Leicester, chief witness to the strained proceedings, was blusteringly jovial, decidedly on edge, but then a natural manner would have been very difficult to maintain, given the parties involved and the differences between them.

The children were elsewhere with their respective nurses. Lucy was a year older than Hugh, but that scarcely mattered. She was also sweet and shy and obviously terrified of her father. As tradition demanded, she would be given to Elene at about the age of nine to grow up in the household into which she would later marry, with only short visits home. Elene could not find it in her to be angry with Matille for manipulating her plea for an end to the hostilities.

Matille seemed unaffected by the atmosphere at the high table, but then she had every reason to celebrate. Her father, captured in the flight from Winchester, had been released in exchange for King Stephen and was none the worse for his ordeal. Ranulf was not as pleased, but that made him all the more eager to form the alliance with Ravenstow. Stephen was likely to have a sore head about Lincoln, so it behoved Ranulf to keep loyalist company for a while at least.

The haunch of venison was evocative to Renard too, reminding him of what continued war with the earldom of Chester would mean. Leicester had not had to persuade him very hard to see reason, and the Welsh threat had quickly done the rest. He was amenable to the suggestion of a truce, particularly as the agreement to a betrothal had an escape clause in the form of consanguinity between Hugh and little Lucy. What was galling him at the moment was having to sit at the same board as Ranulf de Gernons and endure the interminable courses of a celebration feast. Hypocrisy of the worst order. Both of them knew where they wanted to stick their eating knives, and it was not in that haunch of venison. Grimly he endured and counted down the candle notches until the moment he could decently retire. Soon, he thought, as the various march-pane subtleties were served and the barely touched deer haunch was removed to a sideboard.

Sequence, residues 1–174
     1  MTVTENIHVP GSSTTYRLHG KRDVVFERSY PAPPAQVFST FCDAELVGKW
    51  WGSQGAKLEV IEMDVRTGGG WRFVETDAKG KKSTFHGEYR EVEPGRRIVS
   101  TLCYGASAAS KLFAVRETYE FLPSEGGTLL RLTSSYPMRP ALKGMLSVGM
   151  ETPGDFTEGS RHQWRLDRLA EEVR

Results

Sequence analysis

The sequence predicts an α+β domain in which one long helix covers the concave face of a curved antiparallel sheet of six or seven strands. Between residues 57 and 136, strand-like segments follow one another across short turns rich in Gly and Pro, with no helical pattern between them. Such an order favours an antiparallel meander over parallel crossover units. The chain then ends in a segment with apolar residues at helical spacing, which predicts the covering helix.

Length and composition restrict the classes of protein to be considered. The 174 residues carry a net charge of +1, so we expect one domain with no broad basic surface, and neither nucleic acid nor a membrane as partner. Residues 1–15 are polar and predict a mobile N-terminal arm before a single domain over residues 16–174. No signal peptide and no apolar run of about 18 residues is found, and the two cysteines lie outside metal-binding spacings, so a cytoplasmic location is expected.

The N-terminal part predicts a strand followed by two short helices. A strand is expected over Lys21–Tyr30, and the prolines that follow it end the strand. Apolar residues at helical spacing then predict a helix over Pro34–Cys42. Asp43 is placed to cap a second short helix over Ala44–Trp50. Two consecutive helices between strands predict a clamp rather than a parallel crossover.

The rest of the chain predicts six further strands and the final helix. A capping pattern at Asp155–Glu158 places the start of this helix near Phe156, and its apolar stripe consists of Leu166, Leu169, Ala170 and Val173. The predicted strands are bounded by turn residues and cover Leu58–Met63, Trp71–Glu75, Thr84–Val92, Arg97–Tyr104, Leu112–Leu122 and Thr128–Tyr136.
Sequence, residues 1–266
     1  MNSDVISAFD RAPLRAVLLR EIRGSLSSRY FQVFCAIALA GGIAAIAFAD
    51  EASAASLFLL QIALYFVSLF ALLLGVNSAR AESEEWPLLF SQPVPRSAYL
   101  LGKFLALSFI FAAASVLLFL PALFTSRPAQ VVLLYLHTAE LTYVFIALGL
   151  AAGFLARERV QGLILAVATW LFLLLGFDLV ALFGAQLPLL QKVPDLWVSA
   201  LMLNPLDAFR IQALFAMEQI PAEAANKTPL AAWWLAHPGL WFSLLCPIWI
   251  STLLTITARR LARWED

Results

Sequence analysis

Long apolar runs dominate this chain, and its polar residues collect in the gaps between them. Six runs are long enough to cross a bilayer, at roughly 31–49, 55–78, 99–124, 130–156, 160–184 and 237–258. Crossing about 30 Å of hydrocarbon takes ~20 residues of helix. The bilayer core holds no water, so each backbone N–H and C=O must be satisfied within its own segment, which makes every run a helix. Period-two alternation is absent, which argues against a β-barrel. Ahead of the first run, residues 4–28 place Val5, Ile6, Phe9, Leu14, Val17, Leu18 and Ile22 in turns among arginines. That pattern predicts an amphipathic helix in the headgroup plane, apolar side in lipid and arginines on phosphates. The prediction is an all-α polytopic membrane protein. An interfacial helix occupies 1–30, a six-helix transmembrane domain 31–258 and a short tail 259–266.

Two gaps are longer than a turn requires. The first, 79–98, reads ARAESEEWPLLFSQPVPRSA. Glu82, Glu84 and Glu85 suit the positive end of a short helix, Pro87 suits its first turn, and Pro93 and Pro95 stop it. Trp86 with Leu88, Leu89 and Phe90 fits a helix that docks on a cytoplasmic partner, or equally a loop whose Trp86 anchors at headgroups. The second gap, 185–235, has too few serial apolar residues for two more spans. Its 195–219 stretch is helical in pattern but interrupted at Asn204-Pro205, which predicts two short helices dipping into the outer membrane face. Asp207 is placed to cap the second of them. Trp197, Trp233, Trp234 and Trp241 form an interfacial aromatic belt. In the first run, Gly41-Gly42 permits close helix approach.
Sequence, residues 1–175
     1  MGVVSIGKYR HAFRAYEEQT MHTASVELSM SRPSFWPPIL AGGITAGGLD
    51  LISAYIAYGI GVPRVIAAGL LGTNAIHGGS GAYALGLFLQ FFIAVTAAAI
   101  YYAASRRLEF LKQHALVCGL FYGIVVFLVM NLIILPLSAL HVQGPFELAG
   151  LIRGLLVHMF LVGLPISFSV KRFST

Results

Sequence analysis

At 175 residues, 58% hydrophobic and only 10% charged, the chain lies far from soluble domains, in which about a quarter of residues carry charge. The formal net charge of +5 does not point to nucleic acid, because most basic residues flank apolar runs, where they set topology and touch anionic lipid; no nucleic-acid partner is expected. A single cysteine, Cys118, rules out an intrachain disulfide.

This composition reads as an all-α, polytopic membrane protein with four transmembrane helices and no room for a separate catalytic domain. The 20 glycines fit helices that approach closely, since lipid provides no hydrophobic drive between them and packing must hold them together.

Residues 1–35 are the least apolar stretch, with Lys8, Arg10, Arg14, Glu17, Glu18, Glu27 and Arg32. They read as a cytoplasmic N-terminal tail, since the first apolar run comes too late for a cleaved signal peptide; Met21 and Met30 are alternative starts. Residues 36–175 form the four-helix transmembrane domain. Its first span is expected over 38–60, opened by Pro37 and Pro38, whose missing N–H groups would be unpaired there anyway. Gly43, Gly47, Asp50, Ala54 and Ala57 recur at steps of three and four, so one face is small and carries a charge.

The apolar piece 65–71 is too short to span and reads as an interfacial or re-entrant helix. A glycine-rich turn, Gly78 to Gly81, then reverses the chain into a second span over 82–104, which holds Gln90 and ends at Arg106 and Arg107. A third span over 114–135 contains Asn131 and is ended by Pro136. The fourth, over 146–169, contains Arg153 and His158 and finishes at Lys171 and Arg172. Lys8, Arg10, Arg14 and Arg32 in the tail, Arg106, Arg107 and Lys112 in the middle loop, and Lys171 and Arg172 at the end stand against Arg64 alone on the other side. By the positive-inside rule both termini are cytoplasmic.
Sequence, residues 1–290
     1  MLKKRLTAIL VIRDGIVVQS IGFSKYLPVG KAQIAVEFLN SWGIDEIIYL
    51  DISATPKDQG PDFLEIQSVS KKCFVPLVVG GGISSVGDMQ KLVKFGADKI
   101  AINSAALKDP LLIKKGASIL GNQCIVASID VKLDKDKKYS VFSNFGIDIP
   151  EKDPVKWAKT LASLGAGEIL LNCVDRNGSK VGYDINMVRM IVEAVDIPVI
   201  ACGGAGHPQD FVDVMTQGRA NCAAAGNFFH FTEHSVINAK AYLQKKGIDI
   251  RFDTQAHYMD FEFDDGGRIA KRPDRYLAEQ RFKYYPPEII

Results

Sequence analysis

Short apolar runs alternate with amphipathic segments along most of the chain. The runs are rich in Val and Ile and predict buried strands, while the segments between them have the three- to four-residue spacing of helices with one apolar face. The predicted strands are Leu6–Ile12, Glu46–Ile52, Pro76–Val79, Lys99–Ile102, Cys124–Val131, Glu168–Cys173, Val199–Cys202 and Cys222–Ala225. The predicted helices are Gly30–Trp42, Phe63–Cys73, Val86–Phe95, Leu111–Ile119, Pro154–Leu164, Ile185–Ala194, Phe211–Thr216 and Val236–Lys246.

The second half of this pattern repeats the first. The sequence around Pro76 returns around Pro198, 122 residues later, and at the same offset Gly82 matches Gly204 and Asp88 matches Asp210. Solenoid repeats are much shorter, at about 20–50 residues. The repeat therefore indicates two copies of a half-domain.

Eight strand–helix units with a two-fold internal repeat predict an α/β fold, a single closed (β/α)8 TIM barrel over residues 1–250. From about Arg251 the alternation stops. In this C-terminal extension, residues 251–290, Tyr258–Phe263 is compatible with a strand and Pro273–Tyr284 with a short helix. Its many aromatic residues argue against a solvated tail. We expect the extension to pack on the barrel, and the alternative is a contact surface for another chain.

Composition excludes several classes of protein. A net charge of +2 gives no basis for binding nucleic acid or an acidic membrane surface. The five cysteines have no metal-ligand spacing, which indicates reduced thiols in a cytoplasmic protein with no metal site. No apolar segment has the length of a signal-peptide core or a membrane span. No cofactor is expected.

The musicians who had played harp and crwth during the main meal now made way for the entertainers. Renard reached for his goblet, discovered that it was empty, but declined a refill from the squire serving the high table.

A group of traditional dancers replaced some jugglers. Robert of Leicester, well lubricated by the wine he had been drinking to carry him through this ordeal, grinned and nudged Renard. ‘Different to the last lot of dancing we all witnessed together, eh?’ he chortled. His voice was loud and carried to include Ranulf in the remark. Comically, Leicester then realised his mistake. ‘Oh,’ he said. ‘That’s put my foot in the subtlety, hasn’t it?’

The words fell into an awkward silence.

‘She was naught but a faithless whore!’ Ranulf snarled, shattering it.

‘Who nevertheless kept faith to her own code,’ Renard defended.

‘Hah, you know she’s bedding Owain Gwynedd now?’ Ranulf ’s light eyes were dangerous.

‘Yes, I know, and I wish them well.’

Ranulf ’s look narrowed, became almost crafty. He wondered whether to tell Renard about the child. In the same moment as the thought was born he decided against it. She had never said the boy was Renard’s, although he well suspected it was so. Let him grow up among the Welsh and perhaps one day put a goose-fletched arrow through his own father’s heart in some wet border woodland. ‘I hope they both die of Syrian pox,’ he said, hunching his shoulders.

Renard could feel Elene quivering beside him, could see the strain on Leicester’s face. He swallowed down an in — excusable retort of his own and instead reached down to his belt.

Ranulf thought that he was going for his recently sheathed knife and whipped his own dagger from where it had been thrust upright in a loaf of bread. Leicester caught his arm to hold him back as retainers leaped up and the mood suddenly turned very nasty indeed.

Remaining calm, Renard held out a flat bronze disc on the palm of his hand. ‘I was in two minds whether to return this to you, but you might as well have it for the sake of the treaty between us.’